Boris Johnson, in expressing confidence that Britain will strike a ‘deal with Europe’ that combines free trade with ‘slashing immigration’ and ‘the curtailing of migration’ – if accurately reported in the Sunday Express (24th June) – is missing a number of points.

Firstly, the EU. Boris may well be involved in discussions with European nations but ultimately he is not negotiating with ‘Europe’ which is a geographical region. He is negotiating with the EU.

The EU is not fit for purpose because power in the EU is in the hands of people who are influenced more by corporate lobbyists than EU voters who cannot directly vote them out of office. This is the nub of the matter. The EU’s problem is its structure, not the people running it. The small matter that some of these people appear to be less than ideal is a distraction, a red herring.

Free trade is only free if it does not infringe on our national sovereignty. As a nation we need to avoid wolf-in-sheep’s-clothing trade deals that in reality are political deals, especially any of the kind that bind the next parliament.

As for ‘slashing’ immigration, if the UK is to take its place in the world as an independent, free, sovereign country rather than just an EU colony, we should, like almost every other country in the world, be in full control of our borders and our territorial waters. We should accept nothing less than full and complete control not only of how many but who is allowed to cross them.

It’s not just about quantity, it’s also about quality. But it is much more than that. Ultimately it is about the UK’s sovereign right to make the decision on each and every new immigrant to the UK.

In short it is the UK that should be ‘slashing numbers’ not the EU!

The UK Parliament is accountable to UK voters. The EU is not.

Of course certain of our politicians might well seek to avoid this responsibility and prefer to leave effective control of migration in EU hands, by simply negotiating numbers, numbers which would then become the subject of future ‘negotiations’ as this involves less work. This is work UK taxpayers are paying the UK government through their taxes to do for them.

Ironically, in arguing against democracy and national sovereignty proponents of this soft option are inclined to use the word ‘isolationism’ when the exact opposite is true. When were we least isolated? Prior to the start of the First World war as the richest, most powerful country on the planet in command of an empire upon which the Sun never set – or now, shackled to the moribund EU?

Of course here I’m simply making a point to highlight just how silly it is to try to label those who voted to leave the EU as isolationists. This is about our future, our way forward. I’m not suggesting we go backwards! However, it does explain why we not only were, but still are, a powerful country that punches well above its weight. We have more than half the world behind us. A world that is watching and waiting. A world that expects us to do this right. With power comes responsibility.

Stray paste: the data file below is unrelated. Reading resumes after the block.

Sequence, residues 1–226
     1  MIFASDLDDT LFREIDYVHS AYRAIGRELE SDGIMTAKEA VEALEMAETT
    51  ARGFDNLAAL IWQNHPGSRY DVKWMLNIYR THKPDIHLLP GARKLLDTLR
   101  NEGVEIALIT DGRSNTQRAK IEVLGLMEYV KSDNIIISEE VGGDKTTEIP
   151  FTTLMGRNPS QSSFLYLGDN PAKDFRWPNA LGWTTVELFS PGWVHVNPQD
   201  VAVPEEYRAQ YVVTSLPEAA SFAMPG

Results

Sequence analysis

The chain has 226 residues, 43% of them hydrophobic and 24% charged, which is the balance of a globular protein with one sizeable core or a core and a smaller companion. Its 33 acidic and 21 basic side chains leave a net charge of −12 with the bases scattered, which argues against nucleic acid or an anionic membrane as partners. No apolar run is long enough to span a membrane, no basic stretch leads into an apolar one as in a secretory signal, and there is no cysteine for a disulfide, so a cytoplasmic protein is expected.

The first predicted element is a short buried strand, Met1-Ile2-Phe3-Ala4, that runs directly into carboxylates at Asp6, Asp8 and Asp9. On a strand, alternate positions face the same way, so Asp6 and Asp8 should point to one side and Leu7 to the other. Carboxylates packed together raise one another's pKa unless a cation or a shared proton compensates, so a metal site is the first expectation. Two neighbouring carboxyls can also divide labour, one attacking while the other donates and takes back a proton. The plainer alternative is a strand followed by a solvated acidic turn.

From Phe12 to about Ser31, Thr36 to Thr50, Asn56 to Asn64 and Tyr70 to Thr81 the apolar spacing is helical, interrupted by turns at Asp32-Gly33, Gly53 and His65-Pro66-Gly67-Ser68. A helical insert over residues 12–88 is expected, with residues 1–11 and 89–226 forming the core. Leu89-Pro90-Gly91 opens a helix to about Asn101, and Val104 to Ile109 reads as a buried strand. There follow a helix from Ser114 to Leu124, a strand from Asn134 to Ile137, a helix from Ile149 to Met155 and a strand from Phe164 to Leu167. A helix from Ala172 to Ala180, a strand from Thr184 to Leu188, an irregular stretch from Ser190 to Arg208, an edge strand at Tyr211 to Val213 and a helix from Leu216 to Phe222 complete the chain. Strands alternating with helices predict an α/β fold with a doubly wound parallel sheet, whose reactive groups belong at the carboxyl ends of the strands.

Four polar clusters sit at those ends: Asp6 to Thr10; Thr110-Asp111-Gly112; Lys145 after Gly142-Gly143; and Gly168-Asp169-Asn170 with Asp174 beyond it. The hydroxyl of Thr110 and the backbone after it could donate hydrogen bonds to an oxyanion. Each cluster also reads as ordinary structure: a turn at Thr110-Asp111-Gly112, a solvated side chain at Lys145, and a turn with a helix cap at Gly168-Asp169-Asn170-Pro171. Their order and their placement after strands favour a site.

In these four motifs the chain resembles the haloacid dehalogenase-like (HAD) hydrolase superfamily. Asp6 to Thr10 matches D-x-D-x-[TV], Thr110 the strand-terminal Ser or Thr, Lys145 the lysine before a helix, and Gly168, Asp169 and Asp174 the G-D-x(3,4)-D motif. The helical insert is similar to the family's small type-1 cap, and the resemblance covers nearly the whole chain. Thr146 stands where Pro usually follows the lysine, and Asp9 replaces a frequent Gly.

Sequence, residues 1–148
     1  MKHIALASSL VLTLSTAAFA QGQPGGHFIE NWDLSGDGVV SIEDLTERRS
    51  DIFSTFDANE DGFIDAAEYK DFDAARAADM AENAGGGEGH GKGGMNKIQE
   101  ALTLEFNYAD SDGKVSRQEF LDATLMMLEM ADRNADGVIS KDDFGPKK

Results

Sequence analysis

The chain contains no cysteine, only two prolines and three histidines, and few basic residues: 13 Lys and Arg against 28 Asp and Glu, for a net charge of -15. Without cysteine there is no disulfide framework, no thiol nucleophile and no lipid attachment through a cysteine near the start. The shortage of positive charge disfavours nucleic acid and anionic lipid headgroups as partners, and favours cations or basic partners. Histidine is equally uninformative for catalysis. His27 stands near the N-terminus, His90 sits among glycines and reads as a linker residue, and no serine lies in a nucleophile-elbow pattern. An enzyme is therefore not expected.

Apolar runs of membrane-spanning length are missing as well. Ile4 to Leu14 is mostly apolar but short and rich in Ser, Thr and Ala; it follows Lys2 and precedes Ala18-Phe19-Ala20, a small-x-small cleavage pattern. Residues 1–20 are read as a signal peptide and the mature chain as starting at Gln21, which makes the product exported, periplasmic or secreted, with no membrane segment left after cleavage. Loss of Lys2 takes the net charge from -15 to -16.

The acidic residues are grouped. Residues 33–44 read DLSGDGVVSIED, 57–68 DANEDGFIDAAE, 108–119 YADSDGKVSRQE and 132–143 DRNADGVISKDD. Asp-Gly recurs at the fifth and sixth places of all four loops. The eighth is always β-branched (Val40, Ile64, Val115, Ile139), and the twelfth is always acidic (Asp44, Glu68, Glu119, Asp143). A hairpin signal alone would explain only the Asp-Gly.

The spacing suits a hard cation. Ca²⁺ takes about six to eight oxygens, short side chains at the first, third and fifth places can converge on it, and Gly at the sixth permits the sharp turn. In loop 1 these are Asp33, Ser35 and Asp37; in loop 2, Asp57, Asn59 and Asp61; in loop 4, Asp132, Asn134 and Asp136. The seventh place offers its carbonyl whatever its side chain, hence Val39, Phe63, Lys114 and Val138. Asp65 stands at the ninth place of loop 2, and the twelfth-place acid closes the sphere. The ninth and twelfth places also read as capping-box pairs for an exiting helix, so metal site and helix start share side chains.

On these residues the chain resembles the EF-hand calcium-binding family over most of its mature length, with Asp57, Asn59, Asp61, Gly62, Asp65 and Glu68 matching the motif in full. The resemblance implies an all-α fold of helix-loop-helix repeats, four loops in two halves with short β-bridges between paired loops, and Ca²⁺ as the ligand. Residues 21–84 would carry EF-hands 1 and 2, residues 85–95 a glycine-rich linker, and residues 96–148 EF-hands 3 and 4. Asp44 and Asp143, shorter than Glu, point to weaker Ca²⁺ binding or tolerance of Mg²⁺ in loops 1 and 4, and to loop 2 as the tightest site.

Once we are independent the EU should have no authority over us and we should be free to accept or reject any deal they offer and to change it later on should the need arise.

Control of immigration is a social justice issue of vital importance to the UK. Every immigrant to the UK in excess of our economy’s requirements will result in a cost to our benefits system and hence to the taxpayer. This is true whether the immigrant goes straight onto benefits or instead displaces a UK citizen who then goes onto benefits. Of course corporations that benefit from an oversupply of labour couldn’t care less about the compression of wages and the lowering of living standards that this brings. They are likely to use their influence to promote the soft ‘slashing numbers’ option, with ultimate control of immigration remaining in the hands of the EU.

Little mention has been made of the return of our territorial waters in reports on the discussion so far. I’m hoping that is because it is accepted as a ‘given’ on both sides of the English Channel.

I consider this to be crucial because with control of our Territorial Waters we also gain control over our fish. This in turn will allow us to rebuild our fishing industry and create employment. I believe this in turn to be highly significant in the maintenance of the Union. Give the Scots back their fishing and they would then be unlikely to vote to have the EU take it away from them again. Small wonder that Nicola Sturgeon has been so rowdy of late. Believe it or not, I think she gets it.

It has also been suggested elsewhere that even Eire might consider in some way or another some kind of rapprochement or, dare I say it, perhaps even re-joining the Union! The mistakes of our ancestors put right: what a welcome day that would be!

On a practical note: with the return of our territorial waters we could see control of fish stocks centred on co-operation amongst the nations that rely directly on this valuable resource. After June 23rd, all of this no longer has to be just a fond dream.

Even the best salesman in the world is not necessarily the best negotiator. Perhaps the denizens of the EU should be warned: listen to Boris! If you don’t you might get Gove …`